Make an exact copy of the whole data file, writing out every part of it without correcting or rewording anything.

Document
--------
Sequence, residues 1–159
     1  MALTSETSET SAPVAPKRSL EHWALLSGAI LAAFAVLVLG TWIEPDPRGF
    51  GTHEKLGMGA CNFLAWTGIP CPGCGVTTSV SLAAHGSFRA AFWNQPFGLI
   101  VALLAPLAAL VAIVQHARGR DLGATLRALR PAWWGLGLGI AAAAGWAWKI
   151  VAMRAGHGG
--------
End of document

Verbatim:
Sequence, residues 1–159
     1  MALTSETSET SAPVAPKRSL EHWALLSGAI LAAFAVLVLG TWIEPDPRGF
    51  GTHEKLGMGA CNFLAWTGIP CPGCGVTTSV SLAAHGSFRA AFWNQPFGLI
   101  VALLAPLAAL VAIVQHARGR DLGATLRALR PAWWGLGLGI AAAAGWAWKI
   151  VAMRAGHGG